IN CASE YOU MISSED IT: Thongchai Jaidee won the European Tour's Indonesian Open. ...The Charlotte event on the PGA Tour will now be known as the Quail Hollow Championship instead of the Wachovia Championship. ... Alistair Presnell won the Nationwide Tour's Moonah Classic.
 
Backspin It was Jaidee's first win in four years on the European circuit. ... Wachovia, the Stanford Financial fraud, Northern Trust's frivolous spending during the L.A. tournament. We'd feel sorry for for Commissioner Finchem ' if he didn't make roughly $5 million a year. ... Presnell may have had the best story of the week, saying if he didn't earn enough money over a four-tournament stretch (with this being No. 2), he'd have to return to the air conditioning industry. He's now fully exempt on the Nationwide Tour for 2009 and in good shape for the PGA Tour in 2010.
 
Related Links:
  • Full Coverage 'WGC-Accenture Match Play Championship
  • Full Coverage 'Mayakoba Golf Classic
  • Complete News Headlines
  • Open Qualifying Series kicks off with Aussie Open

    By Golf Channel DigitalNovember 21, 2017, 4:24 pm

    The 147th Open is nearly eight months away, but there are still major championship berths on the line this week in Australia.

    The Open Qualifying Series kicks off this week, a global stretch of 15 event across 10 different countries that will be responsible for filling 46 spots in next year's field at Carnoustie. The Emirates Australian Open is the first event in the series, and the top three players among the top 10 who are not otherwise exempt will punch their tickets to Scotland.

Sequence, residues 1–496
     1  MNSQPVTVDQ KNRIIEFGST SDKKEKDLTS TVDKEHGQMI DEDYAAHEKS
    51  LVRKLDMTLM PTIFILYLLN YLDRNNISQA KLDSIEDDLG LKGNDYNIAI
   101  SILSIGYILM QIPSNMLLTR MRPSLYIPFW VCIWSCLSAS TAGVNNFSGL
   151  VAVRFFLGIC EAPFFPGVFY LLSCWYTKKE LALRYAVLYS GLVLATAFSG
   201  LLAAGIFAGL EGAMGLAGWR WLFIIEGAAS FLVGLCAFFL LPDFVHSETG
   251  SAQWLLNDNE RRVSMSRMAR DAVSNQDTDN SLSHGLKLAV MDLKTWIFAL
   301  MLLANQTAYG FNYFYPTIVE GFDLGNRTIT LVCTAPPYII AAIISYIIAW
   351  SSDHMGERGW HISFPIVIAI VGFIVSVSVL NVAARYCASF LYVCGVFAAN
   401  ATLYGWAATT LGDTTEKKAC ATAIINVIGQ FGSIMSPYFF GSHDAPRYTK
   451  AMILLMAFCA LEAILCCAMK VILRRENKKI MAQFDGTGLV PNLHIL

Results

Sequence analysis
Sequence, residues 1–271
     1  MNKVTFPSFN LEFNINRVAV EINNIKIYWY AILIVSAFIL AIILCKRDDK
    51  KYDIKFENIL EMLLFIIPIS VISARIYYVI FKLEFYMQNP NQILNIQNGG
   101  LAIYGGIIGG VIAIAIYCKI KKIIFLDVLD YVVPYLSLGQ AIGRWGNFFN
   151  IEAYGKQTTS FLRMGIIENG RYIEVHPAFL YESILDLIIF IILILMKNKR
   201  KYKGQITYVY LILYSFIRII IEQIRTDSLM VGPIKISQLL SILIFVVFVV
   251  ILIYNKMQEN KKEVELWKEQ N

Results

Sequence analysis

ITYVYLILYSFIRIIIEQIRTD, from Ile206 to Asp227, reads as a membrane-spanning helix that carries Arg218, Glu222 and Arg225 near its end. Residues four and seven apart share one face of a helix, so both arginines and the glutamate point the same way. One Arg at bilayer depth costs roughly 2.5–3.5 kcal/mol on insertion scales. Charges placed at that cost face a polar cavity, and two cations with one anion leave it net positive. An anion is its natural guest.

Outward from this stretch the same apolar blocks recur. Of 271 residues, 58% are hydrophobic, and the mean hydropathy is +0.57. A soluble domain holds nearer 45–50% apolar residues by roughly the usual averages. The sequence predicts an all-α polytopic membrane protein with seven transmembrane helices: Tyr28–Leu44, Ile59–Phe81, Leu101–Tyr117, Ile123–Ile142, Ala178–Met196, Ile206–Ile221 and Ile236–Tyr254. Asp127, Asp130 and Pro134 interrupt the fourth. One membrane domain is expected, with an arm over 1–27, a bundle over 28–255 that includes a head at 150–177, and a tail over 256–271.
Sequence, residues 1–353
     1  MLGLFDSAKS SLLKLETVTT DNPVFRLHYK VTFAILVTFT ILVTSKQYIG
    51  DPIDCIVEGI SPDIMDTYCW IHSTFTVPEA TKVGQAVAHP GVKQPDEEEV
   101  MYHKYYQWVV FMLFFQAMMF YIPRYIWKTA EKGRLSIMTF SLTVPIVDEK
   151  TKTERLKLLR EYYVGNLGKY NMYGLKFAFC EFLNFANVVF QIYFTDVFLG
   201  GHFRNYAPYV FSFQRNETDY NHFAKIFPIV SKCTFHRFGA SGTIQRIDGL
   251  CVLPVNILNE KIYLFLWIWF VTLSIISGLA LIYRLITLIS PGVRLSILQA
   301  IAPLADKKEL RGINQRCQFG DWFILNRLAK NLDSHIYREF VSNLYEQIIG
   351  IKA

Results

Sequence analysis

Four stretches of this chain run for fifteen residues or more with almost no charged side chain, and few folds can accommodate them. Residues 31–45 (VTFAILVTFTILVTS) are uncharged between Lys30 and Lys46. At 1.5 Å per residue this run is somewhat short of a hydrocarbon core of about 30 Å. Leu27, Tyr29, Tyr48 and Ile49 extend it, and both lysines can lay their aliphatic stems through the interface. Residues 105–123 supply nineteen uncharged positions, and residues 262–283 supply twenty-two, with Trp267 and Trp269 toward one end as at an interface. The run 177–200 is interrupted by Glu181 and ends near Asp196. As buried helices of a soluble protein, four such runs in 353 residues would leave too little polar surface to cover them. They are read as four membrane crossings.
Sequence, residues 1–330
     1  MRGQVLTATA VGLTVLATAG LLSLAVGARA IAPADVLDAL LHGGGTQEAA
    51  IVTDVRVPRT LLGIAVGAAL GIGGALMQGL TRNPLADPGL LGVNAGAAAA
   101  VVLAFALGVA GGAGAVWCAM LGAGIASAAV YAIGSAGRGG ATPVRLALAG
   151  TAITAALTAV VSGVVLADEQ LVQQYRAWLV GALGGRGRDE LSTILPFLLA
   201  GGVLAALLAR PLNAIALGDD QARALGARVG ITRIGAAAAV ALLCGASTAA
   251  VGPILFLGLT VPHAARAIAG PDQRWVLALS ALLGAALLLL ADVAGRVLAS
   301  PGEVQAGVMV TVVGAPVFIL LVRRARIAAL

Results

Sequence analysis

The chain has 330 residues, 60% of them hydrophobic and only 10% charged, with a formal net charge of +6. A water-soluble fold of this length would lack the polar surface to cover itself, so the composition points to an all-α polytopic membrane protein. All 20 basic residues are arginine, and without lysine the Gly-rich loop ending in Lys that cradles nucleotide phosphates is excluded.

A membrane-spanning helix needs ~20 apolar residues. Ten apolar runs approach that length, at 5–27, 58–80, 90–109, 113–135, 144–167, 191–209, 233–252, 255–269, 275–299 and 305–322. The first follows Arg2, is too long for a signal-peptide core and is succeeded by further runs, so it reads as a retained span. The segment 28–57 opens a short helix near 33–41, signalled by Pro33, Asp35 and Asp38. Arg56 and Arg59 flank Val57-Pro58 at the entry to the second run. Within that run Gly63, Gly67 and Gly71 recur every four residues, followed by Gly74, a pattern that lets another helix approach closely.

In addition to tournament qualifying opportunities, the R&A will also conduct four final qualifying events across Great Britain and Ireland on July 3, where three spots will be available at each site.

    Here's a look at the full roster of tournaments where Open berths will be awarded:

    Emirates Australian Open (Nov. 23-26): Top three players (not otherwise exempt) among top 10 and ties

    Joburg Open (Dec. 7-10): Top three players (not otherwise exempt) among top 10 and ties

    SMBC Singapore Open (Jan. 18-21): Top four players (not otherwise exempt) among top 12 and ties

    Mizuno Open (May 24-27): Top four players (not otherwise exempt) among top 12 and ties

    HNA Open de France (June 28-July 1): Top three players (not otherwise exempt) among top 10 and ties

    The National (June 28-July 1): Top four players (not otherwise exempt) among top 12 and ties

    Dubai Duty Free Irish Open (July 5-8): Top three players (not otherwise exempt) among top 10 and ties

    The Greenbrier Classic (July 5-8): Top four players (not otherwise exempt) among top 10 and ties

    Aberdeen Standard Investments Scottish Open (July 12-15): Top three players (not otherwise exempt) among top 10 and ties

    John Deere Classic (July 12-15): Top player (not otherwise exempt) among top five and ties

    Stock Watch: Lexi, Justin rose or fall this week?

    By Ryan LavnerNovember 21, 2017, 2:36 pm

    Each week on GolfChannel.com, we’ll examine which players’ stocks and trends are rising and falling in the world of golf.

    RISING

    Jon Rahm (+9%): Just imagine how good he’ll be in the next few years, when he isn’t playing all of these courses for the first time. With no weaknesses in his game, he’s poised for an even bigger 2018.

    Austin Cook (+7%): From Monday qualifiers to Q-School to close calls on the Web.com, it hasn’t been an easy road to the big leagues. Well, he would have fooled us, because it looked awfully easy as the rookie cruised to a win in just his 14th Tour start.

    Ariya (+6%): Her physical tools are as impressive as any on the LPGA, and if she can shore up her mental game – she crumbled upon reaching world No. 1 – then she’ll become the world-beater we always believed she could be.